For developers, the ability to monetize apps is a big motivator, although it’s unclear how easy it will be to make money from consumer Web apps. But in contrast to current subscription-based Web services, Web apps appear in a privileged location in the browser, and may even be downloadable. Google has announced a downloadable function for its Chrome app store, and the HTML5 standard also provides for caching of local data, even entire apps–so that they work offline, like regular software.

Finette notes that Web apps might not even need to live in the browser–using technology like Mozilla’s Prism, it’s possible for Web apps to live on the desktop and launch without the usual URL bar and the forward and back buttons that normally surround a Web page or application.

Consumers may be drawn to the fact that Web apps wouldn’t be locked in to a particular platform or operating system. “I spoke to one person who said, ‘I spent $250 in applications on my iPhone–if switched to Android, I would throw that [money] away,’” says Finette. Web apps could work on any device with a standards-compliant browser, letting users change platforms without losing their investment.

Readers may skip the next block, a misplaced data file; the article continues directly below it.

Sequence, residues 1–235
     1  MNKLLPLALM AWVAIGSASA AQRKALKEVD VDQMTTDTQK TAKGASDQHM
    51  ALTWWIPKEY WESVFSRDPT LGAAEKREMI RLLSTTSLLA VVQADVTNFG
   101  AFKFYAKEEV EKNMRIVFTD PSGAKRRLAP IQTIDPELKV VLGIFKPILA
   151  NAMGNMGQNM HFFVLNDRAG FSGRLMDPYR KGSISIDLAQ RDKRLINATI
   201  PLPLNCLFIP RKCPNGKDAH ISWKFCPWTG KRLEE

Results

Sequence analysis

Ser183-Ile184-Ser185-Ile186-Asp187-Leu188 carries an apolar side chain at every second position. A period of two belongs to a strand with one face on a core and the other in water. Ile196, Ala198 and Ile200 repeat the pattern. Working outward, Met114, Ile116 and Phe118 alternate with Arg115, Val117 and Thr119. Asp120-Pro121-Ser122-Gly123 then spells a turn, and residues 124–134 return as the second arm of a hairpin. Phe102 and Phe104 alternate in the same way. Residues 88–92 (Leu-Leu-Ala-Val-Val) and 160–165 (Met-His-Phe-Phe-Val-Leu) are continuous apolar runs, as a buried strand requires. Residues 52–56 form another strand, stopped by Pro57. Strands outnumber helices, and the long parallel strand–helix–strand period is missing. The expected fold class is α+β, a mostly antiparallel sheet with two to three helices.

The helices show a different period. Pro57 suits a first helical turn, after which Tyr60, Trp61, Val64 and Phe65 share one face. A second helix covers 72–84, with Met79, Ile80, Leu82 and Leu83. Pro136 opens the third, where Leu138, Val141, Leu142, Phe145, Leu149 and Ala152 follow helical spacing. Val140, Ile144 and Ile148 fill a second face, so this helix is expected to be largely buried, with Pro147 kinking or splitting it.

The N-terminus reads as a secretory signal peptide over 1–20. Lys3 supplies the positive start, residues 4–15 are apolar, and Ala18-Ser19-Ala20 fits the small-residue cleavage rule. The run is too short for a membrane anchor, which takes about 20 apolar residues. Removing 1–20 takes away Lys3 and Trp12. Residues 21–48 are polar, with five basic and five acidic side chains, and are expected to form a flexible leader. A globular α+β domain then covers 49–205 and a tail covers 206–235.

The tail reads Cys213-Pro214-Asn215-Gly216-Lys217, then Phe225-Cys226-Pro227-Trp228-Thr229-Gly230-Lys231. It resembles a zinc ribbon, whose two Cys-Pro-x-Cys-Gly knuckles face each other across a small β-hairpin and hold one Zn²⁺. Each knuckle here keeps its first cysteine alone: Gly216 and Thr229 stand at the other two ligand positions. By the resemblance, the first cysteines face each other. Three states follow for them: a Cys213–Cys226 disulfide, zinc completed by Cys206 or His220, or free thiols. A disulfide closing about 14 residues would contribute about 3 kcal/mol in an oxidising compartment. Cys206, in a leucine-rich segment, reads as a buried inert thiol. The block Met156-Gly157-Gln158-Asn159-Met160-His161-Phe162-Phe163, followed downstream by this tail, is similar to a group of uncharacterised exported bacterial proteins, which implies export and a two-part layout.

Web apps also promise to make life easier for developers, who would no longer need to rebuild their programs for each new platform. The iPhone and Android phones run apps written in different languages, and it is an even bigger challenge to port the same app between Windows, OS X, and Linux. All of this means that “transition costs for developers are significant,” says Finette.

Google declined to comment on its forthcoming app store beyond its previous public announcements, so it remains to be seen how the Chrome app store will compare to Mozilla’s vision or whether the two might even be compatible. Ultimately, Finette will have to wait for developers, and users, to answer his question.